Meet the tauhou

Meet the tauhou

The lean, green Energy-Food-consuming machine is prolific in gardens right now. What do you know about them?

Whether you know them as the tauhou, silver eye, wax eye, white eye, or (less commonly) the blight bird, chances are you’ve seen these little guys flitting around your backyard. If you have a bird feeder, the chances are even higher, especially in the cooler months when they often arrive in flocks to devour Energy Food, nectar and fruit. At an average length of 12cm and weighing in at just 13g, the tauhou is a small and well loved addition to the New Zealand bird population. 

Where did they come from, where do they go?

Māori gave them the name ‘tauhou’ meaning 'new arrival'. Originally from Australia, the tauhou has been in Aotearoa since the 1800s and is therefore not considered an endemic species. It was clearly a good move for the little songbird though as it is now one of our most abundant native species, commonly spotted in a variety of different environments from sea level up to 1,200m altitude, including on many of the outer islands. 

In winter, they tend to move in flocks while actively foraging for food in parklands, woodlands, suburban gardens, forests and scrublands. The tauhou announces its presence with high-pitched melodious calls as well as trills and warbles, often with many birds all calling at once.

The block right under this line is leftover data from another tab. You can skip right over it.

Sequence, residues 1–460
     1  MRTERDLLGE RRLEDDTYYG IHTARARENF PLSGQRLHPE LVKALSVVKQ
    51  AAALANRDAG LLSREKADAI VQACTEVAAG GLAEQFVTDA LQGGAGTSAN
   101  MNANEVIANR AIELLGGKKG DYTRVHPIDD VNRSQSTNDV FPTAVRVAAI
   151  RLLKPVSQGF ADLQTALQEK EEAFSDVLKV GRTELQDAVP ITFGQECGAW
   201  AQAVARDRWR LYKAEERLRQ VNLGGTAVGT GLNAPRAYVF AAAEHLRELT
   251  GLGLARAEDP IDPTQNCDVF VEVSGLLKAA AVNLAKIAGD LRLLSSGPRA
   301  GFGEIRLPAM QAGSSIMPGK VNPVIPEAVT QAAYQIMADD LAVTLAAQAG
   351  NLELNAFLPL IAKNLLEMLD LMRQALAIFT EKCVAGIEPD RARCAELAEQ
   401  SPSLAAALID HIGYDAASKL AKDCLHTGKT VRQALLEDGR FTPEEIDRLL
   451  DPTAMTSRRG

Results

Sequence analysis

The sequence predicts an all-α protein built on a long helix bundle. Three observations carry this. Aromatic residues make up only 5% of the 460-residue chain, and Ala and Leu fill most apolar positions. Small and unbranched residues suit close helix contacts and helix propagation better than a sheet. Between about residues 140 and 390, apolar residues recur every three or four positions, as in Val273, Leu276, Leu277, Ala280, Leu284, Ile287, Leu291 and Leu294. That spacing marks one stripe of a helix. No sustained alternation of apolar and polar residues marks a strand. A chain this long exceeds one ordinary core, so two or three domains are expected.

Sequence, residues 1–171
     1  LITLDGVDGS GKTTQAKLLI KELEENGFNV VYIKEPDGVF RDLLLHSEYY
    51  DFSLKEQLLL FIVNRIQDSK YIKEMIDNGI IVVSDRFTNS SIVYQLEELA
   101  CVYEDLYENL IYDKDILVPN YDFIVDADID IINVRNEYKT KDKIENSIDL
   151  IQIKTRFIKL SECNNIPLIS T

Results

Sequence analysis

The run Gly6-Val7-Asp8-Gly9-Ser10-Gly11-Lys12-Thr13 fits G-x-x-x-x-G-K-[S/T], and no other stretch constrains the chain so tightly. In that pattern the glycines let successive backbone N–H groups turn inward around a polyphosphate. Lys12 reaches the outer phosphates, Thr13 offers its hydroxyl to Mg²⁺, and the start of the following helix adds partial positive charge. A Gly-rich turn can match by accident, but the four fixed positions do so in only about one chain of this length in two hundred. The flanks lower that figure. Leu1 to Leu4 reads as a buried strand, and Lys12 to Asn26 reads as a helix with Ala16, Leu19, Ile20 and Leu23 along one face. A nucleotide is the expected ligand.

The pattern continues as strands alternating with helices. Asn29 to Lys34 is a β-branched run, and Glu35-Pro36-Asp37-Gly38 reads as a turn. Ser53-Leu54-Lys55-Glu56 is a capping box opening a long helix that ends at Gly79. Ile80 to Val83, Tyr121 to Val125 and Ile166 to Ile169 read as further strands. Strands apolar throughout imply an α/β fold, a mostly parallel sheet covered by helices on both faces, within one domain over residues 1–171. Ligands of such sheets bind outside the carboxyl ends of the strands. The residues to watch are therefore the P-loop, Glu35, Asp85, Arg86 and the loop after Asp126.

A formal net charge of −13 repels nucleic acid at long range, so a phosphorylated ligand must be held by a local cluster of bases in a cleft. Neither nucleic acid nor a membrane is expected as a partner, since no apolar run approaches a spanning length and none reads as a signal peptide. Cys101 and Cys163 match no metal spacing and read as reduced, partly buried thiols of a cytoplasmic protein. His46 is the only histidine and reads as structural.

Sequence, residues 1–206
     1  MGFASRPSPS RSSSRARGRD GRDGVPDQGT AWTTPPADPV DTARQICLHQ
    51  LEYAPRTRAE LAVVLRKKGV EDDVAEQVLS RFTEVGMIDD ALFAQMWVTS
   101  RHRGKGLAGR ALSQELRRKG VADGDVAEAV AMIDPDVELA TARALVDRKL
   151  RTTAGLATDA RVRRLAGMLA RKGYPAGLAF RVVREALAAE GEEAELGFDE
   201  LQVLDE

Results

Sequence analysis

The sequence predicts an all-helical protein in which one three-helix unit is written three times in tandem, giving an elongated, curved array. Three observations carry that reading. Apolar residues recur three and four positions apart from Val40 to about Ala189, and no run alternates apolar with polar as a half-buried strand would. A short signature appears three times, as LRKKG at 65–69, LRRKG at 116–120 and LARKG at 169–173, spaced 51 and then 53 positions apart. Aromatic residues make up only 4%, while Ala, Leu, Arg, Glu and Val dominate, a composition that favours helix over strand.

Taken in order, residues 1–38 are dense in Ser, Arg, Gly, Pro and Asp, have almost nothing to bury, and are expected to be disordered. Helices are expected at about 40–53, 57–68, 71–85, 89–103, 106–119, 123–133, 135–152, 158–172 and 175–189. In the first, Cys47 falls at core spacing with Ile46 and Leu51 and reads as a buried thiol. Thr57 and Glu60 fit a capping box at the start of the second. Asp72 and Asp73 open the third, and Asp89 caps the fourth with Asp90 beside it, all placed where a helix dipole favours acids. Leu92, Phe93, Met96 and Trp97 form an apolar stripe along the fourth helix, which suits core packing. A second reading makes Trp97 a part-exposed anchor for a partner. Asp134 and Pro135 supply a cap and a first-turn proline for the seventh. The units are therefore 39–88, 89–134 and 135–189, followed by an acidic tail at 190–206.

What does a tauhou look like?

A similar size to a sparrow, with olive green plumage and distinctive white edged eyes, the tauhou has a fine tapered bill and tends to get about with quick, flitting movements. There is not an obvious difference between males and females, but the male does have slightly brighter plumage.

Tauhou pecking at Topflite Energy Truffle on a feeder

What do they eat?

Omnivorous creatures, tauhou nibble up small insects, fruits and berries, as well as being eager nectar sippers. When it comes to feeders, they are keen on snacks with a high fat content. While they have been known to damage orchard fruits, they are also good at nipping up aphids and codling moth caterpillars, all the while doing great work in pollinating some of our native trees.

What about breeding?

A monogamous species, the tauhou are good at sharing the load when it comes to childrearing. They nest across spring and summer and tend to lay two or three clutches of eggs per nesting season. Nests are built by both males and females in the outer branches of shrubs and trees or in ferns, using mosses, lichen, small twigs and even spiderwebs. Both sexes take turns at sitting on the nest, with incubation taking around 10 days, and both feed the fledglings. 

How do I see a tauhou?

Appearing everywhere from farmland to native forests, and wetlands to urban areas, it shouldn’t be too challenging to coax a tauhou into your backyard: a well placed feeder out of the reach of predators with an offering of Energy Food, nectar or fruit – and perhaps a little patience – and you are bound to see these cuties arrive in droves.

Remember that hygiene is essential for keeping your visiting garden birds healthy so keep those feeders clean. Don't forget to keep a clean and safe water source available too as birds need it for a range of reasons.


New Zealand native bIrds

Related Products